Bone Games Revisited |

Bone Games Revisited

Staff Reports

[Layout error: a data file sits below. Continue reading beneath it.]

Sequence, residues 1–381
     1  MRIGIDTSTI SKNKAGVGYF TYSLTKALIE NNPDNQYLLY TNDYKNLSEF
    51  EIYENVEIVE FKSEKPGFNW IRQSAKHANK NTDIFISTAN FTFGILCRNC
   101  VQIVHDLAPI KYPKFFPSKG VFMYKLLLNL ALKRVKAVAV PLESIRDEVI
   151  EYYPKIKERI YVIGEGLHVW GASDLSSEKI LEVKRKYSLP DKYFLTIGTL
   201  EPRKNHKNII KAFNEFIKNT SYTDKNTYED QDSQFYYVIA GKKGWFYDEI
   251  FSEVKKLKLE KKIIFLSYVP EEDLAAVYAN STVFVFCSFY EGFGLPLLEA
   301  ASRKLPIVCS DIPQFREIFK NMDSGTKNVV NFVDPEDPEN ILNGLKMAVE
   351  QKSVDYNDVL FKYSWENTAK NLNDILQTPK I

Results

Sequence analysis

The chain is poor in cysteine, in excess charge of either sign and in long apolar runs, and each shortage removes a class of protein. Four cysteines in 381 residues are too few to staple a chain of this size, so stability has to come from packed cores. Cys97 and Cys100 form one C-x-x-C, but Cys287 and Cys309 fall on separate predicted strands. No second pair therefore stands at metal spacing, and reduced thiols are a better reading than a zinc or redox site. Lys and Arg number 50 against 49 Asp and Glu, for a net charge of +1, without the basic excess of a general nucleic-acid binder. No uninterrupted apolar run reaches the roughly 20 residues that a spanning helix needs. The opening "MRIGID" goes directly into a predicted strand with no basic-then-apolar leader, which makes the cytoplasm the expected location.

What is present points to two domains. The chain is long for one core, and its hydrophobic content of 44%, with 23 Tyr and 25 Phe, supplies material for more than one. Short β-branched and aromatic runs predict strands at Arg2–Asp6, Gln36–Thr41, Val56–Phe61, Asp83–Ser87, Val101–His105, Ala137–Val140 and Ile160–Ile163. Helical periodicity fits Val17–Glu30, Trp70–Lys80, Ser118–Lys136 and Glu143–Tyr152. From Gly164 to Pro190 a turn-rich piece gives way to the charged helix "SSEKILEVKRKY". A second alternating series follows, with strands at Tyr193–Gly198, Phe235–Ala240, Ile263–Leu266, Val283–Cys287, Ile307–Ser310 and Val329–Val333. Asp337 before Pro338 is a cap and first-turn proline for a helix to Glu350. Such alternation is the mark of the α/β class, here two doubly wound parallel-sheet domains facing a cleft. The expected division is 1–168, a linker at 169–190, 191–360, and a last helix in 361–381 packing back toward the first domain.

Editor’s note: Harald Fricker is a former endurance runner and mountain athlete who is working toward making a comeback and getting back into competition. His column will appear bi-weekly, where he will follow health, athletics and lifestyle trends for the Vail Trail.In the summer of 1964 Rob Schultheis nearly fell to his death after summitting 12,814 foot Mt. Neva, just outside of Nederland, Colorado. For a few hours right after his fall, though bloodied and broken, the young University of Colorado student transcended into a state of euphoria so unique and uplifting that he would spend the rest of his life trying to duplicate it. In his recently reprinted 1984 classic “Bone Games” Schultheis shares his personal journey through harrowing accounts of unbelievable triumphs and near-misses.Schultheis subjects himself to a wide spectrum of athletic endeavors, hoping to explain man’s lure to nature’s most extreme challenges. His writing may stray a bit from time to time but his anecdotal and personal style is engaging with a good dose of Eastern philosophies.Many Vail Valley athletes will be able to relate to much of the book. For runners, his references to particular events such as the Pikes Peak Marathon and the Imogene Pass Run will really hit home. His exploits in the Himalayas should evoke memories for a lot of those in our climbing community who have spent time in that part of the world themselves.Like many others I’ve personally felt the incredible endorphin rush of a runner’s high and I definitely feel like I own the world when I run at 4 a.m. every day but I’m pretty certain that what Schultheis experienced was several notches above that and something many of us will never come to know. Since reading the book for the first time 15 years ago I have also been on a scaled down version of the mission Schultheis has been on to unlock the secret of that temporarily sustained but ever-so-elusive state of ultimate nirvana.Schultheis has spent the better part of the past 15 years in Afghanistan as a journalist dodging bullets and writing articles and books about the people of that war torn region. Though not a sport I would definitely consider bullet-dodging a Bone Game and one that I’ll try my best to skip on my journey.All in all, Bone Games is a worthwhile read, especially for those who may also be in search of the same natural high that Schultheis felt on that Colorado mountain 40 years ago. VTBone Games is available at By Harald Fricker

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